Please be advised, if you haven’t watched last night episode, for the love of pete, WHAT THE HELL ARE YOU DOING ON THE INTERNET THIS MORNING?! RUN, SAVE YOURSELF.
Also, don’t read this article, because OMG the spoilers. THE SPOILERS.
And everywhere I go
There’s always something to remind me
Of another place and time
Where spoilers traveled far and found me
Why spoilers? WHY?
Last night, the world of Westeros lost one of it’s most valuable, kindest, gentlest, most wonderful members: Hodor. It was one of the hardest deaths to watch in all six seasons of the show, and that’s saying something. This year has featured nothing but death everywhere we turn, as if we must pay for bringing Jon Snow back by losing multiple characters every week. But the time travel aspect, and the knowledge that the boy once named Wylis became the man we know as Hodor after having a premonition of his own death, is a sick punch in the gut.
Isaac Hempstead Wright admits to Entertainment Weekly that he wasn’t looking forward to this episode airing, not just because he and Nairn are best buds, but because there’s no way around this being anything other than Bran’s fault.
"We learned Hodor really is this vulnerable soul, who had such potential to live a happy life. First, through [Bran’s] selfish actions, going to the White Walker vision in the first place, I’ve screwed him over. He didn’t pick up that he should get out of the dream. And then Hodor sacrifices himself. He’s been through all this and he’s still having to do this…It incapsulates the Game of Thrones world — the nice guys who deserve looking after don’t always get it. It’s going to be mortifying when it airs. Bran would literally be nowhere without him."
Hempstead Wright is right to be worried. I’ve seen quite a bit of of “F*** Bran” feelings this morning. Showrunner David Benioff and DAn Weiss knew this would be tough on fans because of how tough it was on them. Says Benioff: “It’s always interesting when we do the death calls; the Hodor one was particularly tough.”
He’s not somebody you think of as a main character, but he’s slowly, stealthily become an integral association with the show. ‘Hodor’ is the one word you can say to somebody and immediately evoke the show or the books. And he’s just been quietly there in Bran’s storyline, being lovable with his delivering the hell out of many, many ‘Hodors.’ I think people will be surprised how hard it hits them emotionally.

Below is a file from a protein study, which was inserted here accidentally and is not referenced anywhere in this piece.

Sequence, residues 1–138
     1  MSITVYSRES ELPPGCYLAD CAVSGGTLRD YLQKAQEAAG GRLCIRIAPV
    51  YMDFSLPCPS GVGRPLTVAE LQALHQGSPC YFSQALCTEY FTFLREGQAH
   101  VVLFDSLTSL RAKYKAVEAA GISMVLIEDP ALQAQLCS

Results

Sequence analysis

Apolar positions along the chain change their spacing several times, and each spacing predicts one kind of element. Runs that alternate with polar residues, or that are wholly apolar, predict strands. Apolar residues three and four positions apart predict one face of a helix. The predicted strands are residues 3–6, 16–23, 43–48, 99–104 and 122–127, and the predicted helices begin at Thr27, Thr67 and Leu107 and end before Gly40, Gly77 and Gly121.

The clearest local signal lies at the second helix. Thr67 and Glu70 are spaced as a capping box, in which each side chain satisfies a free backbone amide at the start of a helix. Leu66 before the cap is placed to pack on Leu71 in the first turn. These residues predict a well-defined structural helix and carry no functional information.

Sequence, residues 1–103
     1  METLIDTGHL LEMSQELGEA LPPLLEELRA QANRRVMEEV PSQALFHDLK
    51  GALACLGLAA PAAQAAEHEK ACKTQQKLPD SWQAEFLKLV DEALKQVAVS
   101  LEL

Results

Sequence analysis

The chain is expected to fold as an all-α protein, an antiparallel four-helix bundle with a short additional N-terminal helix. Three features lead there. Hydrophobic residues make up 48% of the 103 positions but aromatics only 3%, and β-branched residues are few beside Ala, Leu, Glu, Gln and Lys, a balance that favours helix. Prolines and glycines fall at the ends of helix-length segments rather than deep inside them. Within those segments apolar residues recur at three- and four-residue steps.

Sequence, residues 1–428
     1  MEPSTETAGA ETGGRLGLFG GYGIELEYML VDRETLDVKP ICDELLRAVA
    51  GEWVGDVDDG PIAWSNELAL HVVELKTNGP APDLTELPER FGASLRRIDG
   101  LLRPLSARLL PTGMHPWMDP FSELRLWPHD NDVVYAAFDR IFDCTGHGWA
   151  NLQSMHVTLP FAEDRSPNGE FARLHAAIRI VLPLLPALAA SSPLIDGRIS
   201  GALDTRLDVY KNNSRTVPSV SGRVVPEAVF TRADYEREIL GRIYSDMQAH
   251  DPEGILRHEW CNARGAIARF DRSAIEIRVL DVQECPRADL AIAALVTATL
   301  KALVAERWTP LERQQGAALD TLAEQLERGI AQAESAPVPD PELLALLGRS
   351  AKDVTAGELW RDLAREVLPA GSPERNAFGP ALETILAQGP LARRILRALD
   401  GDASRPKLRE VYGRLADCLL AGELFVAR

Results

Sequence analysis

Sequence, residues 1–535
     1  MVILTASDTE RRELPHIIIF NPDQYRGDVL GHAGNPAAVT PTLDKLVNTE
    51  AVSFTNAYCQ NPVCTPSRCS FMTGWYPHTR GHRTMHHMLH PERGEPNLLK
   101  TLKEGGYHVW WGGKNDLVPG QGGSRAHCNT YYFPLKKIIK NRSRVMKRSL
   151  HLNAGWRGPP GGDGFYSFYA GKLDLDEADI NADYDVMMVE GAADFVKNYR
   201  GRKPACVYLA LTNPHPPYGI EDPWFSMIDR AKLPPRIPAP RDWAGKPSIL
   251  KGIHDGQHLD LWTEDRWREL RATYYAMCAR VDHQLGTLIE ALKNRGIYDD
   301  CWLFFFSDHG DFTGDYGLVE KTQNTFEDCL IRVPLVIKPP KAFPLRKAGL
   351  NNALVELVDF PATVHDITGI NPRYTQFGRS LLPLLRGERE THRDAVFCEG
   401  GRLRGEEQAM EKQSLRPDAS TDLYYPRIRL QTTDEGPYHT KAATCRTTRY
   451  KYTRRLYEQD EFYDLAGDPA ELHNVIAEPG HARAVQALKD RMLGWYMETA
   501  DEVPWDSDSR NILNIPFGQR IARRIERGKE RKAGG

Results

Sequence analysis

But while the rest of us are grieving, Kristian Nairn, who plays Hodor, says he’s really happy about how he got to go out. “I couldn’t have asked for a better goodbye to a character I love. My favorite part is it ties up the question of why is Hodor “Hodor.” Why does he say the word “Hodor”? Only George R.R. Martin or David and Dan could have come up with this. It’s incredibly sad. The minute you finally learn something about Hodor, they kill him!”
As to learning about his death this season, Nairn had a sneaking suspicion, especially after some of his castmates got the script before he did. Still, he looks on the bright side of things. “(That) I made it this far is pretty good. Ned Stark only made it to episode 9!”
He also admits he doesn’t know how many times he said Hodor, but he’s pretty sure if there is a record for a character being on five seasons of a show and only saying one word, he’s a shoo-in. But he wants fans, some of whom lob so many “hodors” at him that he’s taken to grocery shopping in the middle of the night, to know there’s more to him. “I have a lot more words than ‘Hodor,'” he said.
As for the show airing, he’s not as apprehensive about it as Hempstead Wright, although he does remember back in Season 4 when his character nearly died as Craster’s Keep, when fans tweeted, “If Hodor dies, we riot.”
"It will be interesting to see. I can’t wait until it airs. It’s weird talking to you about it as I haven’t been able to talk about it for so long…I don’t see myself on screen, I see Hodor. I always talk about him in the third person. I just saw the character die and it was very sad. I think people are going to a) freak out, b) be very sad."
We are very sad this morning. Hodor!